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Cell Biology

Edited by: Eugene Russo and Steve Bunk J. Behrens, J.P. von Kries, M. Kühl, L. Bruhn, D. Wedlich, R. Grosschedl, W. Birchmeier, "Functional interaction of ß-catenin with the transcription factor LEF-1," Nature, 382:638-42, 1996. (Cited in more than 285 papers since publication) Comments by Walter Birchmeier, professor of cell biology, Max Delbrück Center for Molecular Medicine, Berlin, Germany In the tiny world of signaling pathways that carry biochemical reactions, the pathwa

The Scientist Staff

Edited by: Eugene Russo and Steve Bunk
J. Behrens, J.P. von Kries, M. Kühl, L. Bruhn, D. Wedlich, R. Grosschedl, W. Birchmeier, "Functional interaction of ß-catenin with the transcription factor LEF-1," Nature, 382:638-42, 1996. (Cited in more than 285 papers since publication)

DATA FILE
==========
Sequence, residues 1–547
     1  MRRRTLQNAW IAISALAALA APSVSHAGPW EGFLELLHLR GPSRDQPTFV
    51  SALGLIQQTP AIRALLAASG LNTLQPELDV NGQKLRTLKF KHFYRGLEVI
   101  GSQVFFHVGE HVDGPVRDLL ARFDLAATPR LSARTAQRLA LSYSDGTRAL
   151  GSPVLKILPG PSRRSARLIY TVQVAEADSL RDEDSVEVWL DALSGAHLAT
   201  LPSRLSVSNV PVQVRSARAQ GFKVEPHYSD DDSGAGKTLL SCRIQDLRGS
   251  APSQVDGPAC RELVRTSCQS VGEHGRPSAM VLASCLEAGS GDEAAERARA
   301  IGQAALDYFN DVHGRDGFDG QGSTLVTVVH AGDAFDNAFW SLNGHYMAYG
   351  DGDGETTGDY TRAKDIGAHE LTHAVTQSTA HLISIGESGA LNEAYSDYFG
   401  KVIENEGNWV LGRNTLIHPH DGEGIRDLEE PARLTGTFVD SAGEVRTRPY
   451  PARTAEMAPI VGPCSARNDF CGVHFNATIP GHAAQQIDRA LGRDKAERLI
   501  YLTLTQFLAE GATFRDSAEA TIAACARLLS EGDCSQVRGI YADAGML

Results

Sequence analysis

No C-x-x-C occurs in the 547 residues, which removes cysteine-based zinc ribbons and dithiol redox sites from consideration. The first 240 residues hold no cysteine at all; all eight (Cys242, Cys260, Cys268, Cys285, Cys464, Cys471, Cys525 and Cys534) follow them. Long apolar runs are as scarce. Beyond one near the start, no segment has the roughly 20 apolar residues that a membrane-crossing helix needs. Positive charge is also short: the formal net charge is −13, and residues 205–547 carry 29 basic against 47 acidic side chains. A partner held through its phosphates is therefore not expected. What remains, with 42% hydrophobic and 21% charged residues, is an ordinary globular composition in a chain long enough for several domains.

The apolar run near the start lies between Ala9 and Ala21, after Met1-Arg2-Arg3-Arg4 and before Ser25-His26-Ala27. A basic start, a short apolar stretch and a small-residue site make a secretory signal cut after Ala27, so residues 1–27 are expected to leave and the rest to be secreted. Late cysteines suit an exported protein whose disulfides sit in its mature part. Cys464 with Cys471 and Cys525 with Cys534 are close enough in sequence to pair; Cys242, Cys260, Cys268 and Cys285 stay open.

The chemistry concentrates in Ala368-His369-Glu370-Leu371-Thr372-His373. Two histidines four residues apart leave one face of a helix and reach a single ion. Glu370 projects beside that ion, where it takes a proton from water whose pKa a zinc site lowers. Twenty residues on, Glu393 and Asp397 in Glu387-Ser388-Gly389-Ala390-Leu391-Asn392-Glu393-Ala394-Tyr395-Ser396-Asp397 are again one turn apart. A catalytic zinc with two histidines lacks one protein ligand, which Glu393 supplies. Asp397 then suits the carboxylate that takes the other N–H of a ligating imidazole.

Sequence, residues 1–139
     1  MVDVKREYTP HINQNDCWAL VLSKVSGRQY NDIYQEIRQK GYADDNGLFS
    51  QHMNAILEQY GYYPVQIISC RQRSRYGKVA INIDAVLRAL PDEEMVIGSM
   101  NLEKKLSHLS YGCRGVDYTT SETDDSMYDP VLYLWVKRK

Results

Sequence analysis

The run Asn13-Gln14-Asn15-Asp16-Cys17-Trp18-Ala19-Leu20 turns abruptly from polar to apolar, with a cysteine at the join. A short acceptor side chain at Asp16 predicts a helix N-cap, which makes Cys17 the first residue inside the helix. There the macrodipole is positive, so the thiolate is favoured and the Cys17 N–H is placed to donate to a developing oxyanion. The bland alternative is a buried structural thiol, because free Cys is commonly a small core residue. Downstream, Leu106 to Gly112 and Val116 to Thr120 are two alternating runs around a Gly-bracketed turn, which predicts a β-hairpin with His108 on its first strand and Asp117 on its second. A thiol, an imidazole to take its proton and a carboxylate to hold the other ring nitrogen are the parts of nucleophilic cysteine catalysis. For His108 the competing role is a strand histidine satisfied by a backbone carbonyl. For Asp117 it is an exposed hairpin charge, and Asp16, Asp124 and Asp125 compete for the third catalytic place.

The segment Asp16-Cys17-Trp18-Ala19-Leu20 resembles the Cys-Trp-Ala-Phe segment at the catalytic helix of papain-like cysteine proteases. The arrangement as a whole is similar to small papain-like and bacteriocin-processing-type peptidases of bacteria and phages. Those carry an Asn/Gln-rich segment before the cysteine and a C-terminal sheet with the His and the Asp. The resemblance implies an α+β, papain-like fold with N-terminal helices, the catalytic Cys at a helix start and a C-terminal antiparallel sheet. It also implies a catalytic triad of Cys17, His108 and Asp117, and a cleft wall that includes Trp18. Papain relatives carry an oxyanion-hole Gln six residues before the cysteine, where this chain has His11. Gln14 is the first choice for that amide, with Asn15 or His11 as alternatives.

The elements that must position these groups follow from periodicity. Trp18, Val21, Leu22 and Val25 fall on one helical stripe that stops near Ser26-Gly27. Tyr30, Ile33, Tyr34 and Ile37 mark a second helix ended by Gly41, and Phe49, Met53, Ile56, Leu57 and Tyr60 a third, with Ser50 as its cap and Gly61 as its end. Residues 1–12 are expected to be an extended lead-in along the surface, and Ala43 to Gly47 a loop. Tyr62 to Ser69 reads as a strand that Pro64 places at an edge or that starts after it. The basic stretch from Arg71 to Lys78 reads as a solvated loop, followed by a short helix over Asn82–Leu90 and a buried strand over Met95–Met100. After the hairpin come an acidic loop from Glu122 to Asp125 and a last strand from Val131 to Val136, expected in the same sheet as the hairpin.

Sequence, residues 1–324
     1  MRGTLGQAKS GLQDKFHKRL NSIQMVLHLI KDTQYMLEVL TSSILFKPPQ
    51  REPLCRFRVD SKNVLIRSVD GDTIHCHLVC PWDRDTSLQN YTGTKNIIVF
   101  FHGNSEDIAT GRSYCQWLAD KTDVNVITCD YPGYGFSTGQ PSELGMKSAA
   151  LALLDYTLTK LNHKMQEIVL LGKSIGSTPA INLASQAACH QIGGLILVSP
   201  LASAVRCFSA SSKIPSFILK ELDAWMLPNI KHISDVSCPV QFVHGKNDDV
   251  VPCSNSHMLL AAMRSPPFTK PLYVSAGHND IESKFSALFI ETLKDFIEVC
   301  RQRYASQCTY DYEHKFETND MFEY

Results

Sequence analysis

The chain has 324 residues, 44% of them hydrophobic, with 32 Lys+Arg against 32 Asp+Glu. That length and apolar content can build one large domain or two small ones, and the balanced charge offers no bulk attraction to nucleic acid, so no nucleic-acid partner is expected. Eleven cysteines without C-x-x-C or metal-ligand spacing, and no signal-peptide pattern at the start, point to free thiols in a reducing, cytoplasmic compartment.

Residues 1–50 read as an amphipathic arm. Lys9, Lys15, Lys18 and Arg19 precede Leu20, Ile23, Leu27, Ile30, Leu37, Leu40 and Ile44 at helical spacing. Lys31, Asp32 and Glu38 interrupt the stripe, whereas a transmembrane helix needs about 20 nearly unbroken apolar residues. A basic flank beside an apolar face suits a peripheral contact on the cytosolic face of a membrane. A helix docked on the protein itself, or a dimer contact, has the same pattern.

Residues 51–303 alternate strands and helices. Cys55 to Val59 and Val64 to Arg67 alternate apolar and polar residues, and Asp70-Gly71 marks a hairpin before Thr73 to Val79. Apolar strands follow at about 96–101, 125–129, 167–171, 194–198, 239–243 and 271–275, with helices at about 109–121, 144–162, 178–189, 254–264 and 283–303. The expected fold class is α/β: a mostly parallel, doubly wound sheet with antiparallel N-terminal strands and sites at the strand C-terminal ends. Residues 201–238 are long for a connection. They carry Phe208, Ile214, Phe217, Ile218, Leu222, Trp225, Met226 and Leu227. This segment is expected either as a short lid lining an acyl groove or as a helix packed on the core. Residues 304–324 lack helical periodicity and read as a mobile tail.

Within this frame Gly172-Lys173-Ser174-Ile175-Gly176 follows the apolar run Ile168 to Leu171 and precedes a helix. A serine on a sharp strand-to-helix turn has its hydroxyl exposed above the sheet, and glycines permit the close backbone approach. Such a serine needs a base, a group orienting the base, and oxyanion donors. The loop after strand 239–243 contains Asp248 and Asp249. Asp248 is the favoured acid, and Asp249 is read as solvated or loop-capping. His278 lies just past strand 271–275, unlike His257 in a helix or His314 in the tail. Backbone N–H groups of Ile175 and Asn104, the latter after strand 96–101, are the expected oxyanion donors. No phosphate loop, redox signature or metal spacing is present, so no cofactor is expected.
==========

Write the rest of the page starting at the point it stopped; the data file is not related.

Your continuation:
Comments by Walter Birchmeier, professor of cell biology, Max Delbrück Center for Molecular Medicine, Berlin, Germany

In the tiny world of signaling pathways that carry biochemical reactions, the pathway of the gene wnt is vital to early organismal development. The gene's name is an abbreviation of "wingless-type," which refers to the fate of a fruit fly that suffers a specific mutation in this pathway. In humans, the wnt pathway controls development of numerous organs, including the brain, the peripheral nervous system, the limbs, and the kidney. It contains various oncogenes, such as wnt and myc (the latter is short for avian myelocytomatosis, a cancer principally...

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